We also love a bit of nostalgia. And this show unashamedly taps into that desire. There are some slickly choreographed movement sequences to enjoy, as you would expect given director Jonnie Riordan’s Frantic Assembly background, but they are essentially fillers, padding out a very straightforward A-Z linear structure, which is almost wholly driven by the young Nigel’s narration. Giles Cooper was clearly suffering from Press Night nerves last night, and will almost certainly warm into his performance as the run continues, but he has a hard task nonetheless, as he is basically the neutral narrative anchor around which the theatrical action pivots. Lizzie Muncey (Mum), Stephen Ventura (Dad), Marie Lawrence (Joan) and Jake Ferretti (Josh) all give polished, professional performances, but the show as a whole fails to get beneath the skin. There are laughs aplenty, particularly for those audience members of a certain age, for whom Nigel’s memories particularly resonate, but the more soulful moments are lost in the saccharine confection of the whole. There is an awful lot of sugar in this show; if you don’t have a sweet tooth, it’s probably not for you.

 

Reviewed by Rebecca Crankshaw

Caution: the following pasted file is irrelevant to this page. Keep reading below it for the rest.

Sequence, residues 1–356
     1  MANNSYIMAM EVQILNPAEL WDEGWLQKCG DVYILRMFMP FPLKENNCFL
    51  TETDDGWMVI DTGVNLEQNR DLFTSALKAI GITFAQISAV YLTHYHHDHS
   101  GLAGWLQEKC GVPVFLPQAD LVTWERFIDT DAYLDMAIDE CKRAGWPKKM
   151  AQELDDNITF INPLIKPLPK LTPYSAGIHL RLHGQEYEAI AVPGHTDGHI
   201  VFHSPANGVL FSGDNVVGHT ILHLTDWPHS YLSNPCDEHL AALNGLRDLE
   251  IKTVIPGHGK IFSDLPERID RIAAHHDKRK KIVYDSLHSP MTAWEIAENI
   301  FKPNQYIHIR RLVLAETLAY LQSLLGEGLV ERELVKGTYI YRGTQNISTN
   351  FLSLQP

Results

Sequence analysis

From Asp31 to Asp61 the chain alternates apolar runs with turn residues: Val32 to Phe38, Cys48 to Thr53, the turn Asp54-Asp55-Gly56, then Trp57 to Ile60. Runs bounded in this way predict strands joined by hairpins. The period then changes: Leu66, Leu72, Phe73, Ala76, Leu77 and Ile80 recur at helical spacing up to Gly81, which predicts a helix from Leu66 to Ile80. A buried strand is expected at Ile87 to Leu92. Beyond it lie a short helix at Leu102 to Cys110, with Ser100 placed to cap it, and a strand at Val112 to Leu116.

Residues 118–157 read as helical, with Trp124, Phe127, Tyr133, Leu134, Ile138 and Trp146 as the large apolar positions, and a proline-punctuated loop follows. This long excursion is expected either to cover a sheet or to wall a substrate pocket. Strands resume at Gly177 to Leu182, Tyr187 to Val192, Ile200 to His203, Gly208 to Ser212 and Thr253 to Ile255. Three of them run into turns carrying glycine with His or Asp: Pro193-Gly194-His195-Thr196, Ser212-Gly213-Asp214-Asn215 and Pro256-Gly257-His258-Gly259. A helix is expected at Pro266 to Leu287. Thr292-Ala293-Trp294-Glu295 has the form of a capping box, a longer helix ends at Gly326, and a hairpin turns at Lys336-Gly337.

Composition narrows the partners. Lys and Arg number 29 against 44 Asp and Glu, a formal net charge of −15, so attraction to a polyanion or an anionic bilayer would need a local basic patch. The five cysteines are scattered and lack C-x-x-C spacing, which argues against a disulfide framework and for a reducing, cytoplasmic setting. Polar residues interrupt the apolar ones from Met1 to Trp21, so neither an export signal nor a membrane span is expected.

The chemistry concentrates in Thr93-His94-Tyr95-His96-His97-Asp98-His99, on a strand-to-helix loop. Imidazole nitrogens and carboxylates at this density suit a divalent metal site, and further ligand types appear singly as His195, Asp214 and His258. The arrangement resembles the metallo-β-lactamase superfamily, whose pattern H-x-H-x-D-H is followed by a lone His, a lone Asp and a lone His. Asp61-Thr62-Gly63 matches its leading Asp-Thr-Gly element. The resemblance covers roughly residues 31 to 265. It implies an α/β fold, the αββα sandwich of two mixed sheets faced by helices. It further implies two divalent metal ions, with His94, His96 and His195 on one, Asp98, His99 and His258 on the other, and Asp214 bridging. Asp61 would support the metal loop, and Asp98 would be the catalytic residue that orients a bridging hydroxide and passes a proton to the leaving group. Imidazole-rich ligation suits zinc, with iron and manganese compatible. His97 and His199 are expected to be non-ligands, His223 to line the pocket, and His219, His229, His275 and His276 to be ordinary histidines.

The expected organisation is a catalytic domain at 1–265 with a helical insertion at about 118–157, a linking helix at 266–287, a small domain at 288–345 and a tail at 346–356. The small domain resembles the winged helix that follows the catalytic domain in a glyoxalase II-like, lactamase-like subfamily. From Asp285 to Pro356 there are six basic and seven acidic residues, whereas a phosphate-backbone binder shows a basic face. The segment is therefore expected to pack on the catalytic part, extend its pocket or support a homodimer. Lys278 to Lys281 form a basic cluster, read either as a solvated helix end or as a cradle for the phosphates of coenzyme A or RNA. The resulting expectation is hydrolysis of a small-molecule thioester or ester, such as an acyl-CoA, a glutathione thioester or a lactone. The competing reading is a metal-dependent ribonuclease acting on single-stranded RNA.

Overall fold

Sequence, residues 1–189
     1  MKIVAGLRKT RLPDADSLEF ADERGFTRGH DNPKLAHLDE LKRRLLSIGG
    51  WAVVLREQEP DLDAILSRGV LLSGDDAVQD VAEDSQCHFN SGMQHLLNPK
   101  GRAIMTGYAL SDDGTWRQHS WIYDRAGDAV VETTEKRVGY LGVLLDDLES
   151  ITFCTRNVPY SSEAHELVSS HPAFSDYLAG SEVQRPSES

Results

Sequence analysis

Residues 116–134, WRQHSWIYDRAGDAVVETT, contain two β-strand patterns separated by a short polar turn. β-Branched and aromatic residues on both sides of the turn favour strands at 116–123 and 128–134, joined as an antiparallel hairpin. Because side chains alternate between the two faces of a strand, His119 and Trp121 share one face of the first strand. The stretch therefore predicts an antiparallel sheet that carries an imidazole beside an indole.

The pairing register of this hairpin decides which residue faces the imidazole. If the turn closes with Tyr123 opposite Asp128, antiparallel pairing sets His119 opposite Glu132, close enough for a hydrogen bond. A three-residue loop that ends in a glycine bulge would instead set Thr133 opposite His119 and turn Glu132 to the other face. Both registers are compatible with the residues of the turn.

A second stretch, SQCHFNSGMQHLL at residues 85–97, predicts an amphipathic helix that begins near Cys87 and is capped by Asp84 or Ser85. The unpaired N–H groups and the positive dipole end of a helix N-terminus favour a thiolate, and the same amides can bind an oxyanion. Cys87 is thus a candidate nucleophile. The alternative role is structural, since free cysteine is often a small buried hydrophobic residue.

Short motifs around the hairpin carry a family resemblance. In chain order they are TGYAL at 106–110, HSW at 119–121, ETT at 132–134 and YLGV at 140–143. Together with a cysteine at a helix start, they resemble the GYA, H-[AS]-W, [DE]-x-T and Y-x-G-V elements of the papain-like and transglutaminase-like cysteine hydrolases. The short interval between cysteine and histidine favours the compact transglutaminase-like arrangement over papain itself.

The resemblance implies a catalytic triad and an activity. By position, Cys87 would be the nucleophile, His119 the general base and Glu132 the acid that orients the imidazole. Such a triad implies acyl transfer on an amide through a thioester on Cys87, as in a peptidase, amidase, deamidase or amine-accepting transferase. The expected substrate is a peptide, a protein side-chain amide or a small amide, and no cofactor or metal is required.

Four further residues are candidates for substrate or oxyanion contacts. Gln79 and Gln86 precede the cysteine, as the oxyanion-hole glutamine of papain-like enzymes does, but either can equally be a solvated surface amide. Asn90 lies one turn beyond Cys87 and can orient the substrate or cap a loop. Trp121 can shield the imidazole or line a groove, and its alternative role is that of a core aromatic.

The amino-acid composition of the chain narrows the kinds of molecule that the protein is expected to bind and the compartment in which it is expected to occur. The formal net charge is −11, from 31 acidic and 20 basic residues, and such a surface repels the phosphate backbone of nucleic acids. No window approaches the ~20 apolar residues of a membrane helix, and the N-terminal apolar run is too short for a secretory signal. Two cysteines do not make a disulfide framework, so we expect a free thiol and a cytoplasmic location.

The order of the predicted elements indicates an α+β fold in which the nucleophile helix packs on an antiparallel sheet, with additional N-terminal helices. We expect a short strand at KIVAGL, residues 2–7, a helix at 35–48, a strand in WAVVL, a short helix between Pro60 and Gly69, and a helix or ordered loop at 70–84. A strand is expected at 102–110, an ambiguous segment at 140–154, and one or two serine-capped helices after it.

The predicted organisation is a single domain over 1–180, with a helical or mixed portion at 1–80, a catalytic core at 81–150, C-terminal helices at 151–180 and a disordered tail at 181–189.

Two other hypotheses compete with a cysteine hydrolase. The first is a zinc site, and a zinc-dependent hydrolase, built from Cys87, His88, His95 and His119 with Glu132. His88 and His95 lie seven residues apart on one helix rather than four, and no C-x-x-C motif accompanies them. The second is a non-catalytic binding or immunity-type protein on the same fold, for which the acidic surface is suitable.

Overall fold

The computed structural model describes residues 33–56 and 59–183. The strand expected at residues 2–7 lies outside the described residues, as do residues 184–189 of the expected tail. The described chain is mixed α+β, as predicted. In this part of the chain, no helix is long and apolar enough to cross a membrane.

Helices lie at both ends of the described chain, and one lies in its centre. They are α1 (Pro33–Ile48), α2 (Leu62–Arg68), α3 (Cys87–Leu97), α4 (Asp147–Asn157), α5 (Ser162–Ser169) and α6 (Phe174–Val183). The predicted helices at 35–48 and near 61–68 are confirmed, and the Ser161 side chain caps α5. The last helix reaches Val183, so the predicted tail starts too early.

Photography by Simon Annand

 


Toast

The Other Palace until 3rd August

 

Previously reviewed at this venue:
Eugenius! | ★★★★ | February 2018
Suicide | ★★★½ | May 2018
Bromance: The Dudesical | ★★★★ | October 2018
Murder for Two | ★★★★ | December 2018
The Messiah | ★★★★ | December 2018

 

Click here to see more of our latest reviews on thespyinthestalls.com

 

My White Best Friend

My White Best Friend
★★★★★

The Bunker

My White Best Friend

My White Best Friend (and Other Letters Left Unsaid)

The Bunker

Reviewed – 20th March 2019

★★★★★

 

“Using the word show seems a bit weird. It wasn’t really a show. It was an event, a sharing.”

 

Yesterday evening at The Bunker felt unlike any evening I’ve ever spent in a theatre, and as such, I felt it was right to write about it in a totally different way. I’ve introduced an I for starters, and so I’m going to introduce myself too. I’m a cis, pansexual, middle class white woman, aged 48. It feels essential to let you know this, as the series of evenings which Rachel De-Lahay and Millie Bhatia have curated put identity centre stage – racial identity, class identity, sexual identity and gender identity – and one of the things that last night made very clear, is that we can only view things through our own identity prism. So the old myth of the invisible critic just won’t wash.